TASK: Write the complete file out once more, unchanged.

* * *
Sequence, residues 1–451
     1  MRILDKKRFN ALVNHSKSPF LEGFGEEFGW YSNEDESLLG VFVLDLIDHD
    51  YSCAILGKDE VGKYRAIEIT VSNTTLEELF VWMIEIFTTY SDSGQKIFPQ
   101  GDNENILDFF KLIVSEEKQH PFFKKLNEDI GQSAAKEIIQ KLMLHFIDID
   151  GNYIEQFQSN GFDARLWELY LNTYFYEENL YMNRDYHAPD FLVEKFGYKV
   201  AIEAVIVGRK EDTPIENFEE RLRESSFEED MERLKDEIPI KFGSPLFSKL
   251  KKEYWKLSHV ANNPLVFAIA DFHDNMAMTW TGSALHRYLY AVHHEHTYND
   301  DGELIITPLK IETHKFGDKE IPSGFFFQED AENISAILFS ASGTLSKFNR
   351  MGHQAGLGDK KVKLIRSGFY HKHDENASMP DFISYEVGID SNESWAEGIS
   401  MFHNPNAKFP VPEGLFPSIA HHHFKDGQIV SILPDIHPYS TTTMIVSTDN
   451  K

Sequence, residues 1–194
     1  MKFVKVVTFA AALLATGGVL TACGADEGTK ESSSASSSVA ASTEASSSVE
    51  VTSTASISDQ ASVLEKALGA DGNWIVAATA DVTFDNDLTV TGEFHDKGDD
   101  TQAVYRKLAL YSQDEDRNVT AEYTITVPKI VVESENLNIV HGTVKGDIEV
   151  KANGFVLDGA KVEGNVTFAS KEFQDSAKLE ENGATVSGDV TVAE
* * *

Sequence, residues 1–451
     1  MRILDKKRFN ALVNHSKSPF LEGFGEEFGW YSNEDESLLG VFVLDLIDHD
    51  YSCAILGKDE VGKYRAIEIT VSNTTLEELF VWMIEIFTTY SDSGQKIFPQ
   101  GDNENILDFF KLIVSEEKQH PFFKKLNEDI GQSAAKEIIQ KLMLHFIDID
   151  GNYIEQFQSN GFDARLWELY LNTYFYEENL YMNRDYHAPD FLVEKFGYKV
   201  AIEAVIVGRK EDTPIENFEE RLRESSFEED MERLKDEIPI KFGSPLFSKL
   251  KKEYWKLSHV ANNPLVFAIA DFHDNMAMTW TGSALHRYLY AVHHEHTYND
   301  DGELIITPLK IETHKFGDKE IPSGFFFQED AENISAILFS ASGTLSKFNR
   351  MGHQAGLGDK KVKLIRSGFY HKHDENASMP DFISYEVGID SNESWAEGIS
   401  MFHNPNAKFP VPEGLFPSIA HHHFKDGQIV SILPDIHPYS TTTMIVSTDN
   451  K

Sequence, residues 1–194
     1  MKFVKVVTFA AALLATGGVL TACGADEGTK ESSSASSSVA ASTEASSSVE
    51  VTSTASISDQ ASVLEKALGA DGNWIVAATA DVTFDNDLTV TGEFHDKGDD
   101  TQAVYRKLAL YSQDEDRNVT AEYTITVPKI VVESENLNIV HGTVKGDIEV
   151  KANGFVLDGA KVEGNVTFAS KEFQDSAKLE ENGATVSGDV TVAE